The International Chamber of Commerce (ICC) has launched its first regional banking commission in Dubai for the Mena region.

The organisation aims to create other regional banking commissions in the future, but chose to start in Mena due to the region’s growth as a global trading hub.

Tan Kah Chye, chairman of the ICC banking commission, explained at the launch: “There are many good reasons why we chose Dubai. The banking commission has been very successful for almost a hundred years now, but we have been fairly Europe-centric in the past. The world is changing and will continue to change, and extending our reach to the rest of the world is very important.

“We would like to use Dubai as a showcase for the rest of the world to create more regional banking commissions in Latin America, Asia and different parts of the world.”

The ICC has appointed Lakshamanan Sankaran as the chair of the newly-created commission, which it hopes will improve communication between trade finance players in the region.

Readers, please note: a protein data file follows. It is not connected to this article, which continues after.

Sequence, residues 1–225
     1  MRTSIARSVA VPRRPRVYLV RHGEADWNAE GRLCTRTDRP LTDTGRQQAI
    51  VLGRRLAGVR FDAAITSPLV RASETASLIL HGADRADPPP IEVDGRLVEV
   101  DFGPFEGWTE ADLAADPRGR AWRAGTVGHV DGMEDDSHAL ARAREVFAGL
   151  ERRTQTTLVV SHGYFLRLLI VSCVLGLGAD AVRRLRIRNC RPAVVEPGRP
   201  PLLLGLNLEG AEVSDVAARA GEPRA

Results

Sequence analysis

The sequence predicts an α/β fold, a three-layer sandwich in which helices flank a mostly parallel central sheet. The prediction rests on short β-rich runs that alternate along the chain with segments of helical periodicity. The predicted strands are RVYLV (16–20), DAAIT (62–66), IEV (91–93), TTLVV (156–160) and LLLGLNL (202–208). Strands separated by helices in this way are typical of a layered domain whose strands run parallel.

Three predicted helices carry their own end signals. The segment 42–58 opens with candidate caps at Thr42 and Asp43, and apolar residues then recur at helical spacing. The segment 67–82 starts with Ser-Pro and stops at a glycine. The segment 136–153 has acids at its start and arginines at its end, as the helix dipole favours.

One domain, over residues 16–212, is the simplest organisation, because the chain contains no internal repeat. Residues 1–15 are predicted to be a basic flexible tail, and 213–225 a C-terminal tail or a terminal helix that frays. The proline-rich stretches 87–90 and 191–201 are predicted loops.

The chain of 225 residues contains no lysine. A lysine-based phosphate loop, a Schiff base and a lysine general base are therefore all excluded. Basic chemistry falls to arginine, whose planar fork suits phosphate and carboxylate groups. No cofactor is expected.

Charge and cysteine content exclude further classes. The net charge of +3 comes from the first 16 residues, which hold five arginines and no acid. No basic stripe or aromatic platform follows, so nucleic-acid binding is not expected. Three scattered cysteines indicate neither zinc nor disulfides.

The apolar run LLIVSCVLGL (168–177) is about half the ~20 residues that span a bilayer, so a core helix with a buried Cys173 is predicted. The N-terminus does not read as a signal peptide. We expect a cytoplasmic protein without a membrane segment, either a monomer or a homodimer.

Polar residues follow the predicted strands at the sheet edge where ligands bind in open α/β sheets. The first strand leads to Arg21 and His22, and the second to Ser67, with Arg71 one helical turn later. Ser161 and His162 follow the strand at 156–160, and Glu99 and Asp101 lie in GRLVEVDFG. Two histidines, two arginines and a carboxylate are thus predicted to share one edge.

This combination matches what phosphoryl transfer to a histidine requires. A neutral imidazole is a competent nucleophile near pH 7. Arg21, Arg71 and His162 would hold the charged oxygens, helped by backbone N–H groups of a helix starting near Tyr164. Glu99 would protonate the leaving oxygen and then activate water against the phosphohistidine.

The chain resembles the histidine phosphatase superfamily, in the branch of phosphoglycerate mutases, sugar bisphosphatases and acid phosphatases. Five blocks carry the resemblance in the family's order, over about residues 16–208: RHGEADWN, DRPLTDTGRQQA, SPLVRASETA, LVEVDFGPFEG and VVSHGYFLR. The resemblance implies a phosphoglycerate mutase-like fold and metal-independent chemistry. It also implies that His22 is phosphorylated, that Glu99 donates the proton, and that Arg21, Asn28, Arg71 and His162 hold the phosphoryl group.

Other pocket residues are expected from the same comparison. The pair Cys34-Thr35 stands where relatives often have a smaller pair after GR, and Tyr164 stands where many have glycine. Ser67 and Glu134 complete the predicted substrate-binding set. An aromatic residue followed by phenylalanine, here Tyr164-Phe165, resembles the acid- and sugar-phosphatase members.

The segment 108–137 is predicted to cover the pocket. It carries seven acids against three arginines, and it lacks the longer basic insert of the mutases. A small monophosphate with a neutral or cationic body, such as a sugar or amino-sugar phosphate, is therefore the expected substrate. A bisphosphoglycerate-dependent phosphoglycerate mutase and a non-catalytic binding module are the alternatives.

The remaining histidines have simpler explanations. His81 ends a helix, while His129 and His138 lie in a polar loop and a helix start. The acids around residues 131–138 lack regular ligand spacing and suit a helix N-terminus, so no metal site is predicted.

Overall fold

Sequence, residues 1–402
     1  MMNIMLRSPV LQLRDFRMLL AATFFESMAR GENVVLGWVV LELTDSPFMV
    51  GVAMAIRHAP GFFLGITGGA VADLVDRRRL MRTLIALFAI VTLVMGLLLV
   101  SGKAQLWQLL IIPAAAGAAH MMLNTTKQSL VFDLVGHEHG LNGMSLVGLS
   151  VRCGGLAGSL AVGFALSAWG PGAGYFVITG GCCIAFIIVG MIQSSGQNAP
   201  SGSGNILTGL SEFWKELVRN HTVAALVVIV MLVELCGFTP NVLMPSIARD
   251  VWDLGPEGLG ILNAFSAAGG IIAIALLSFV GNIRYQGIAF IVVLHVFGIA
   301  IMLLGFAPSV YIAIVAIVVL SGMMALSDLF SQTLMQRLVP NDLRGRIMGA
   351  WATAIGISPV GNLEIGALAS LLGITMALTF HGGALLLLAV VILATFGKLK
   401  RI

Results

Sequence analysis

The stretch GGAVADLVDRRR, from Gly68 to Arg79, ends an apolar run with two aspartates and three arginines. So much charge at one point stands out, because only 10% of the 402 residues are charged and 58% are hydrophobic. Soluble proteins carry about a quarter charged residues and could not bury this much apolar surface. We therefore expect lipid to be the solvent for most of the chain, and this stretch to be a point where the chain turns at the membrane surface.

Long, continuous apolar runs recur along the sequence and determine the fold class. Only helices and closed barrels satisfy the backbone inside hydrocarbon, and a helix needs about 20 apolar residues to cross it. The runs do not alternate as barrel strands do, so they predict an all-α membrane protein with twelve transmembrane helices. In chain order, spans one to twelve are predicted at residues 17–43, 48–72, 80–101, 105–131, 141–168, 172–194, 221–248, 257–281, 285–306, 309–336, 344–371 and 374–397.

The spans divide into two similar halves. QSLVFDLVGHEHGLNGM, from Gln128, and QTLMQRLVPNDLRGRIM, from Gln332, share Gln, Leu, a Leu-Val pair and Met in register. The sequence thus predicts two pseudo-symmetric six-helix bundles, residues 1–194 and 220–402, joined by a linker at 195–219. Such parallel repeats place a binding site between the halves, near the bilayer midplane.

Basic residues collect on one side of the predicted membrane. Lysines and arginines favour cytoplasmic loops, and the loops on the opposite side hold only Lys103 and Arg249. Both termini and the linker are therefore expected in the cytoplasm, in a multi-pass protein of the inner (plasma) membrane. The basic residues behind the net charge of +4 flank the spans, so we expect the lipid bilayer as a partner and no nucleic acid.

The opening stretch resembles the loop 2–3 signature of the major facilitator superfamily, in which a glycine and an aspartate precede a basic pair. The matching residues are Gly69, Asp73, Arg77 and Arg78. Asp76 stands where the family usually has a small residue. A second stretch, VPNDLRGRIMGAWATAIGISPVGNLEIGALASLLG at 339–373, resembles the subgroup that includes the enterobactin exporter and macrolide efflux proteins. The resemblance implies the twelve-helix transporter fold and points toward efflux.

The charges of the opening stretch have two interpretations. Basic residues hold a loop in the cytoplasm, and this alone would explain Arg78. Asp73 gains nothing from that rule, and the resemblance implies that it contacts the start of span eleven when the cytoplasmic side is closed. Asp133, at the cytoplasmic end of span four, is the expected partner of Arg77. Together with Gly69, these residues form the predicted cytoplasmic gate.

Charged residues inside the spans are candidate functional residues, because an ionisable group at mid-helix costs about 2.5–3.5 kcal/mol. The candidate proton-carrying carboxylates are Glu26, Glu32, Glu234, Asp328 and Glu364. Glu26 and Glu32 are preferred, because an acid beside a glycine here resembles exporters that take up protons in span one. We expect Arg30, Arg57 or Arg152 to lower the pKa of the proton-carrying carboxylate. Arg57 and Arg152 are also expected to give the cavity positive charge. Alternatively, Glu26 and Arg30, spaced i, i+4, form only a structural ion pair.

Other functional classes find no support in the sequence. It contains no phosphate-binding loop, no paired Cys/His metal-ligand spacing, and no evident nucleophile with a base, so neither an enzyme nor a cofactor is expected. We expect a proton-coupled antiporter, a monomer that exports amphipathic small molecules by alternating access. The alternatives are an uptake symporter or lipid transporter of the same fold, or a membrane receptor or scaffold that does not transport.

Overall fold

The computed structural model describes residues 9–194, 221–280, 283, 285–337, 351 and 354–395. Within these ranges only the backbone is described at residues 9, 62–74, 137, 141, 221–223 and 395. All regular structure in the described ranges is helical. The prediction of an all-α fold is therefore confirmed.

“The goal is to develop a mechanism to better understand the regional risks in terms of policy advocacy and to promote ICC banking commission mandates, disseminate policy information and market intelligence in trade finance to regional industry leaders, regulators and government officials. The Mena commission will also organise regional conferences and workshops on the areas of trade finance, supply chain finance, regulatory environment in banking and dispute resolution in trade finance. Last but not least, we will be working actively with national committees in the Mena region on all mechanisms,” Sankaran told members and GTR.

It is also expected that the creation of an ICC regional banking commission in Mena will help the development of Islamic finance across the world.

Dubai Chamber of Commerce and Industry director general Hamad Buamim stated that Islamic products are evolving day by day, but that by having ICC representation in the Middle East, shariah-compliant finance “will be able to attract more people, more experts, so that they will participate in writing the rules and educating others”.

However, Tan replied that the ICC would only work on developing a set of rules for Islamic finance if demand came from the market. “The ICC is evolving and responding to market demands, but not creating a solution looking for a problem. For Islamic finance, the ICC will once again be very inclusive and welcome any engagement, but it has to be initiated by the market; not by ICC.”